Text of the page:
A push rod is a part of an internal combustion engine that rests in the top of a valve lifter and goes up into the rocker arm. As the lifter follows the cam lobe, the push rod actuates the rocker arm and moves the valve, opening and closing it to allow fuel and air in and exhaust out of the combustion chamber. This rod, being hollow, also channels oil up from the lifter and out of the rocker arm. This oil cools the valve spring as well as lubricates the rocker arm.
On some vehicles, the push rod operates within the constraints of a valve guide. On these applications, the rod must be hardened to withstand the contact of rubbing the guide plate. If it is not hardened, it would be ground thin and would bend. By hardening the rod, it can tolerate the friction with no ill effects or damage.
Another important function of the push rod is to center the rocker arm squarely over the valve tip. If the rod is too short or too long, the rocker arm will not sit on the center of the valve tip. This will cause damage to the valve tip and the rocker arm and will hinder performance from the engine. Many engine builders use an adjustable push rod called a rod length checker to measure the proper dimensions of the push rod needed for a particular application.
While many high-performance rods are made from a single piece of steel, some stock or low-performance rods are made with several parts. These rods use push-in rod ends that resemble small balls to ride in the lifter cups and the rocker arm cups. In a performance application, this type of rod can separate and cause severe damage to the engine. These rods are typically thin wall designs that would fail and bend under the load of racing valve springs, which typically have much greater resistance than a stock valve spring.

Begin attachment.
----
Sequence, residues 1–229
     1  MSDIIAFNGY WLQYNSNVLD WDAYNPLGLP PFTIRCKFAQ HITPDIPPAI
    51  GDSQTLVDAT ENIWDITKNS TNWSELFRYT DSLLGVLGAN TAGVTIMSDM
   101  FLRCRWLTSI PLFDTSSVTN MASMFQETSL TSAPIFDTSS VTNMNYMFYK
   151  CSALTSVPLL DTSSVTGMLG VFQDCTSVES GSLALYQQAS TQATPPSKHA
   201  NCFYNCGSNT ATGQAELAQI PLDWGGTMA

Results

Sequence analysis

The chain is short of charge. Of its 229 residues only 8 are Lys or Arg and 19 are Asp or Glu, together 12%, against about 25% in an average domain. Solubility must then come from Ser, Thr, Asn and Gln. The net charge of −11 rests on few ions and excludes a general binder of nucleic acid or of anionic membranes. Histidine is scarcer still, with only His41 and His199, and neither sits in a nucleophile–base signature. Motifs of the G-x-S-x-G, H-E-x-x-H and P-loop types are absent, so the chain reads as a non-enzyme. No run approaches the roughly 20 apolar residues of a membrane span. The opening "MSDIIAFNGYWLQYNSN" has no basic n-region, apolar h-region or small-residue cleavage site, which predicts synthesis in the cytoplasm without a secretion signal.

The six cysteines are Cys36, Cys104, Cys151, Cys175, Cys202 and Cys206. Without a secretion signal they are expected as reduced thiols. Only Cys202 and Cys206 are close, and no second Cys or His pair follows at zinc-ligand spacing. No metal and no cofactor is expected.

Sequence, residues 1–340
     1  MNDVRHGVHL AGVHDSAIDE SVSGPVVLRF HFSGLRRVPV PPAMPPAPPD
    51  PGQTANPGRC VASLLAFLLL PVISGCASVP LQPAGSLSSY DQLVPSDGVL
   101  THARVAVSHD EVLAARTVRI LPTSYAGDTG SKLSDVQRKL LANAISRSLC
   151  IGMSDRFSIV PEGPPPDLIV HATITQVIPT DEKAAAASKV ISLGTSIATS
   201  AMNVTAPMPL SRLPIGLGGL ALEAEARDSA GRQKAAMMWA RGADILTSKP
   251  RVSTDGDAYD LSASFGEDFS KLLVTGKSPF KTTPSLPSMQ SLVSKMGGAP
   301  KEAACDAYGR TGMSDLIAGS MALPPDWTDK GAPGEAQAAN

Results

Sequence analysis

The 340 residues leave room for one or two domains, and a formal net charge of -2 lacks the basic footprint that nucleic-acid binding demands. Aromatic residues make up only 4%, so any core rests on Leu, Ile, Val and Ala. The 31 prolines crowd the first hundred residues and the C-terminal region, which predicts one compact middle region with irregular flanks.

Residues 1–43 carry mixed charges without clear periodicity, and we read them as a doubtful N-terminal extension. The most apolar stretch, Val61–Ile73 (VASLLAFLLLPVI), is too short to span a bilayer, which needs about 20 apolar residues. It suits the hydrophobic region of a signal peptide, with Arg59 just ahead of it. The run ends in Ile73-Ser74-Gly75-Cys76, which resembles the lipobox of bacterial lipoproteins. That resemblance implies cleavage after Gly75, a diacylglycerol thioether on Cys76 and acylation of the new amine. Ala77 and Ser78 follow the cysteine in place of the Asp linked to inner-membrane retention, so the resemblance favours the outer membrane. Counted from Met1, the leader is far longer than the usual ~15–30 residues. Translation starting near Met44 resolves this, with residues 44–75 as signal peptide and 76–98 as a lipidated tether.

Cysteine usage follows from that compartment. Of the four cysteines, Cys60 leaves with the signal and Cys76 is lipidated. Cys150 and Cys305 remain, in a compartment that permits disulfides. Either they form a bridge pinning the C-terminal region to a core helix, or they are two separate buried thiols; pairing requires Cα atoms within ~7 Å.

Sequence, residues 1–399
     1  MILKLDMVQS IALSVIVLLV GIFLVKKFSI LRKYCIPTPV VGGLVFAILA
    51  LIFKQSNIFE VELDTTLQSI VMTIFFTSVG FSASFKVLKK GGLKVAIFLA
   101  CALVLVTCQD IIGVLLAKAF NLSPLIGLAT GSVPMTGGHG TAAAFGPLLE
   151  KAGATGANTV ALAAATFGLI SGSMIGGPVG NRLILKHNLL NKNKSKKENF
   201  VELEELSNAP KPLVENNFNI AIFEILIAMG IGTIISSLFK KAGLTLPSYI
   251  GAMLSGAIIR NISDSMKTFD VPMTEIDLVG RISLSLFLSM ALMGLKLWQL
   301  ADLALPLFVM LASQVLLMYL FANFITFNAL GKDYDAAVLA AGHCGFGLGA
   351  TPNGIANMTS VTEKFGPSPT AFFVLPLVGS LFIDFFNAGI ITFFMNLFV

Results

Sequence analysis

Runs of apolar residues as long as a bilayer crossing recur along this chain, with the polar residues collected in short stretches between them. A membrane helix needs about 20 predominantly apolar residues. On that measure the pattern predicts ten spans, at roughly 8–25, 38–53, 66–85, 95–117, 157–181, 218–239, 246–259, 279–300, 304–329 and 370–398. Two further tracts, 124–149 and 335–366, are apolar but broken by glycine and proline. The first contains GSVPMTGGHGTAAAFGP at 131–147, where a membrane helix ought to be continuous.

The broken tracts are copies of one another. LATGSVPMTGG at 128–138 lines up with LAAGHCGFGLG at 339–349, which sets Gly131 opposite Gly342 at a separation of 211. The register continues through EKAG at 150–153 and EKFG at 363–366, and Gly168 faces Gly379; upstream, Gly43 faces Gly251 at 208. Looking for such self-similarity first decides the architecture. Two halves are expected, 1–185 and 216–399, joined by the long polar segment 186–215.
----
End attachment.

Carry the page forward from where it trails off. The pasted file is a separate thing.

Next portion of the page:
Push rods in early engines were often made of a solid piece of steel. The rod was often operating in the open above the cylinder head and was not used to transport oil to the top end of the engine. This allowed the rod to be created from a solid piece of steel, and a bearing was typically used in place of oil for the smooth operation of the rocker arm rod interface. It was soon noted that as engine revolutions and speed increased, the oil was needed to cool the valve springs and prevent them from breaking.